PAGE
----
Publishing: How to Win the Lottery; These Days, the Book Trade Is an All-or-Nothing Business: Huge Advances Go to Those with the Marketing 'X' Factor and the Rest Get a Pittance - If They're Lucky. Jason Cowley Talks to the Winners and Agents to Find out Just What You Have to Do to Get Your Name in Print

Article excerpt


Before university Santa Palmer-Tomkinson (right) spent a year in Argentina. It was the formative, perhaps the most idyllic time of her life.

'I really thought I belonged there,' she says. When she returned, a year or so later, everything had changed: those with whom she had once lived and socialised had moved on, to America and elsewhere, and she now felt lost, no longer at ease in Argentina.

An aspirant writer, she had spent much of her late adolescence working on children's stories, pastiche Mills & Boon and sketches for romantic novels.

Then, when she was 25, she met her future husband, Simon Sebag Montefiore, who encouraged her to take her ambitions more seriously and to strive to become the writer she had always wanted to be. So she wrote a novel set in Argentina. It is soft-edged with nostalgia, and full of the vitality and richness of her earlier encounters with that country.

The novel, Meet Me Under the Ombu Tree, was sent out, anonymously, to four agents under, she concedes, the unoriginal moniker 'Miss X', which made her sound more like a porn star than a novelist. 'I did that because I really didn't want to read about myself in the gossip columns.

You know the kind of thing: "Poor Santa is trying to cash in on the success of her sister, Tara."' It was rejected by three of the agents, but the fourth, Jo Frank, liked what she read. Together she worked with Santa Montefiore to improve and burnish the novel until it was ready to show to potential publishers. The first publisher to read the book, Hodder & Stoughton, made a pre-emptive bid of pound sterling100,000. 'I was astounded,' Santa recalls. 'I had expected, if my book was to be published at all, to receive an advance of, at best, pound sterling20,000.' She advised her agent to accept the bid. In the event, the book was put up for competitive auction. 'The auction was an exciting but awfully anxious experience, not least because everyone began bidding at a very low level, much less than we had been offered originally.

Soon there were only two publishers left, HarperCollins and Hodder. I was working at the time for Ralph Lauren. I spent the whole day sitting at my desk receiving phone calls from Jo every couple of hours. She has this cool, phlegmatic voice.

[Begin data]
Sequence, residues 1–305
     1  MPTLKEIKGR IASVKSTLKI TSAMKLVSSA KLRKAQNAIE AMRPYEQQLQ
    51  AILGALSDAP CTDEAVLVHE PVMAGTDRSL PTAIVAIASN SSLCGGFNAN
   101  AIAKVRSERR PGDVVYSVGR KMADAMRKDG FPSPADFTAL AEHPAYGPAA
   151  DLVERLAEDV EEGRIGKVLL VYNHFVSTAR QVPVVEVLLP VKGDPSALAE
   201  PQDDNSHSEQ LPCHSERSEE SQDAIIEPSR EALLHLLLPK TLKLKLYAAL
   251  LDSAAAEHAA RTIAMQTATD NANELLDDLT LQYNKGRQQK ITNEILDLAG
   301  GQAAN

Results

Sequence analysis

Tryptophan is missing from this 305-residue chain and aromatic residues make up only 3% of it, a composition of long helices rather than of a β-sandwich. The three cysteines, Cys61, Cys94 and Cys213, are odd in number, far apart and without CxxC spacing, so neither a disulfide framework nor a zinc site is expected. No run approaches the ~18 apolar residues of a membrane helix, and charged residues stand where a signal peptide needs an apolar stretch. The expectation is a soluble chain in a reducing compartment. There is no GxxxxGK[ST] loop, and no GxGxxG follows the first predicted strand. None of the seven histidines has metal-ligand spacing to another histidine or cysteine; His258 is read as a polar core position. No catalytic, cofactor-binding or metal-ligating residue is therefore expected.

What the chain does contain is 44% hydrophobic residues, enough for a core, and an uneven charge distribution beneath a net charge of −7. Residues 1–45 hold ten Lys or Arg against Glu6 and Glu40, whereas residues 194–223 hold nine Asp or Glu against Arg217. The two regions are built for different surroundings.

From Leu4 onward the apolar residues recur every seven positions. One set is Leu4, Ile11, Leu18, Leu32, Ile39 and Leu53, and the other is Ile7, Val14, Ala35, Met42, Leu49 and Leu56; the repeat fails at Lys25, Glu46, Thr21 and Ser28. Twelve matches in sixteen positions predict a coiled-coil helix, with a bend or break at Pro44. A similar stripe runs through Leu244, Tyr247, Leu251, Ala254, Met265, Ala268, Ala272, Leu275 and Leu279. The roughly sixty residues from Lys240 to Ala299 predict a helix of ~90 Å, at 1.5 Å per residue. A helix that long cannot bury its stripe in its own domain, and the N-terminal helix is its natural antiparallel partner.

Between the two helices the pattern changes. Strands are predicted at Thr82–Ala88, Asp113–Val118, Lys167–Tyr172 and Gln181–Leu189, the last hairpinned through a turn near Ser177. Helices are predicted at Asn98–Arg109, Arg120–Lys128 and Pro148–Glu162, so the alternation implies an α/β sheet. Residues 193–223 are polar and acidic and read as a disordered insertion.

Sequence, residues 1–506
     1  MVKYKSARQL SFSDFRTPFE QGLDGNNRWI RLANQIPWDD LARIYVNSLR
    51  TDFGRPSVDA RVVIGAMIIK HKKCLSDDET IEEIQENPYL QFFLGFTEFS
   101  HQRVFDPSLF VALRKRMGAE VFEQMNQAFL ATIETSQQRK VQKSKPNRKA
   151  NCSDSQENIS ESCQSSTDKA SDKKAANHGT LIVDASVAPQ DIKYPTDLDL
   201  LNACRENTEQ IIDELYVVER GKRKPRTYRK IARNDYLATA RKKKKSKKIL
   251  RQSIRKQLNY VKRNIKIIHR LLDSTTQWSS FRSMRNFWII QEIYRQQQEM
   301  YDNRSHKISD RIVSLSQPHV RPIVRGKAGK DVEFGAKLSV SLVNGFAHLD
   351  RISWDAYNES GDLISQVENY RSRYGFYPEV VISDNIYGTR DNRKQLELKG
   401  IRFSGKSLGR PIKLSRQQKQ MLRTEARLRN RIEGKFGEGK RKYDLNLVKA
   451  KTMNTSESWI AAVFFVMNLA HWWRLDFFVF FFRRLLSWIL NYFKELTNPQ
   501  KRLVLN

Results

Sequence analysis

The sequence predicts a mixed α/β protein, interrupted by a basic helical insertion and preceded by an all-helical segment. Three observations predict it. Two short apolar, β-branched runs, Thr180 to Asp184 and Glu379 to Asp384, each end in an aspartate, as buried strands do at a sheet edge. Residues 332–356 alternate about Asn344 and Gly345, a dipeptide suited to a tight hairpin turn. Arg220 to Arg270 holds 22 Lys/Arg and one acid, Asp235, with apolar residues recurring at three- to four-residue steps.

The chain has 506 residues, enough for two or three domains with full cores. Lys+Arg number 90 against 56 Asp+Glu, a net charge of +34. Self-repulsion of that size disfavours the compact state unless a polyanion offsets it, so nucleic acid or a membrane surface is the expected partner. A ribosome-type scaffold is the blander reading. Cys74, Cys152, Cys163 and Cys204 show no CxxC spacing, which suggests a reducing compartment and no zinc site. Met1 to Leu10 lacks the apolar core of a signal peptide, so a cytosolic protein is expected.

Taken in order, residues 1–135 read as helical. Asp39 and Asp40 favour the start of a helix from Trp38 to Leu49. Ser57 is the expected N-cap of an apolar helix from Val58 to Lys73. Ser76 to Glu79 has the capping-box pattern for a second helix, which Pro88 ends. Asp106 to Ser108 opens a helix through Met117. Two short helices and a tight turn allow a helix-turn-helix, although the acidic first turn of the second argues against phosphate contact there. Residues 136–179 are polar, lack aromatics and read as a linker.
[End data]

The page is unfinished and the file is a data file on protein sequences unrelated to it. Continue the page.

She would say: "Hi Santa, it's me. The figure has now reached pound sterling80,000."

The whole thing was like a dream.' In the end, Hodder won the auction - for pound sterling100,000, the same figure as its original pre emptive bid.

Daisy Waugh is another novelist who, like Santa Montefiore, experienced what she describes 'as a lovely bidding war'. In her twenties she had published two books, a novel and a book about Africa, but neither had made much of an impression. After that, she spent a long time 'having babies and writing rather rubbishy journalism'. So when she eventually returned to writing fiction, her expectations and confidence were low. Still, she sent five chapters of her work-in-progress, The New You Survival Kit, to the agent Clare Alexander. The chapters were swiftly offered to interested publishers and, to Waugh's surprised delight, an auction began.

'When you set out to write a book you dream that people will bid to publish it, but you never believe it will happen. When Clare told me that Little, Brown and HarperCollins were competing to buy my book, making these outlandish bids, I was so thrilled but, at the same time, unwilling to believe that it was really true. Then she kept calling and with every call the price would rise, so that, in the end, you are moving in a kind of fuzz of disbelief. It was wonderful!' Waugh - who eventually received pound sterling120,000 for The New You Survival Kit and its follow-up, Ten Steps to Happiness, which is published in January - and Montefiore are the fortunate beneficiaries of an inflationary trend in the modern book business towards what the literary agent Simon Trewin calls 'winner-takes-all publishing'. …


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